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Abstract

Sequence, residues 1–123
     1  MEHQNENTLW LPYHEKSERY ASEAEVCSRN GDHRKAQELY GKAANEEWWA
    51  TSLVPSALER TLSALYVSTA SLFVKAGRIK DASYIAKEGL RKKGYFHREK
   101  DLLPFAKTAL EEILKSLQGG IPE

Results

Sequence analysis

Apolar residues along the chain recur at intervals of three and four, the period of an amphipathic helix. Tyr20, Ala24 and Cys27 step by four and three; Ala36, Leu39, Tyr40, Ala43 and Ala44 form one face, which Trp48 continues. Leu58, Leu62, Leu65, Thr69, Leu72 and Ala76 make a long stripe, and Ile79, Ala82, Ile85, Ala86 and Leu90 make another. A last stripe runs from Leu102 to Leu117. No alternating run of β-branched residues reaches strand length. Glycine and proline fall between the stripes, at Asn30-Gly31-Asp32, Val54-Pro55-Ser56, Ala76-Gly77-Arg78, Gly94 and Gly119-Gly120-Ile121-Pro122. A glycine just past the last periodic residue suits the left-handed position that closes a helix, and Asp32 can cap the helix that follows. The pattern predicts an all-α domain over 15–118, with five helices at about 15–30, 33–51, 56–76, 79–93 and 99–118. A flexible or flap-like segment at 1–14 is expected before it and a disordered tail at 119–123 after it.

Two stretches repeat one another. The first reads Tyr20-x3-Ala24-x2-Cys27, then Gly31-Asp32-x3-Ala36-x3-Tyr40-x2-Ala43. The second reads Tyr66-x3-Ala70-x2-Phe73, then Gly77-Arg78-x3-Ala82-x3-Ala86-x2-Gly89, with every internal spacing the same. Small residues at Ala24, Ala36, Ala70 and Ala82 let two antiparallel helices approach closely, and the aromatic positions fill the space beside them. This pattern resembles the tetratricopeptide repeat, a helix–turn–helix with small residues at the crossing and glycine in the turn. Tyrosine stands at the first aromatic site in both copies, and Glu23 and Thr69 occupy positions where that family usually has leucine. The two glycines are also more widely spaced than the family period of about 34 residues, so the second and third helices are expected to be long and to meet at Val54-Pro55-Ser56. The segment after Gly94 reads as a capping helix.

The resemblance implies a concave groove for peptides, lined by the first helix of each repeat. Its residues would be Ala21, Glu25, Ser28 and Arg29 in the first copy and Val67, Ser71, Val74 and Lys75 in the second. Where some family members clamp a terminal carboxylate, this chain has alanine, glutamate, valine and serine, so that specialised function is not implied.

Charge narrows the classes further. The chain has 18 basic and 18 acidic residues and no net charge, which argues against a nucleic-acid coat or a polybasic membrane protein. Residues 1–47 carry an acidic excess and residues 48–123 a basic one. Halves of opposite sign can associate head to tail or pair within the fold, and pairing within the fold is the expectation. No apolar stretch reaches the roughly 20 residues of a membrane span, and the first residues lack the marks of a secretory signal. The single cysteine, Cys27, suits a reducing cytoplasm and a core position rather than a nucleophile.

Clinical reasoning is the process by which veterinary surgeons integrate a multitude of clinical and contextual factors to make decisions about the diagnoses, treatment options and prognoses of their patients. The brain utilises two methods to achieve this: type one and type two reasoning. Type one relies on shortcuts such as pattern-recognition and heuristics to deduce answers without involving working memory. Type two uses working memory to deliberately compute logical analyses. Both reasoning methods have sources of errors, and research has shown that diagnostic accuracy is increased when they are used together when problem-solving. Despite this, it appears unlikely that clinical reasoning ‘skill’ can be improved; instead, the most effective way to improve reasoning performance experimentally appears to be by increasing and rearranging knowledge. As yet, there is no evidence that overall clinical reasoning error can be reduced in practice.

 

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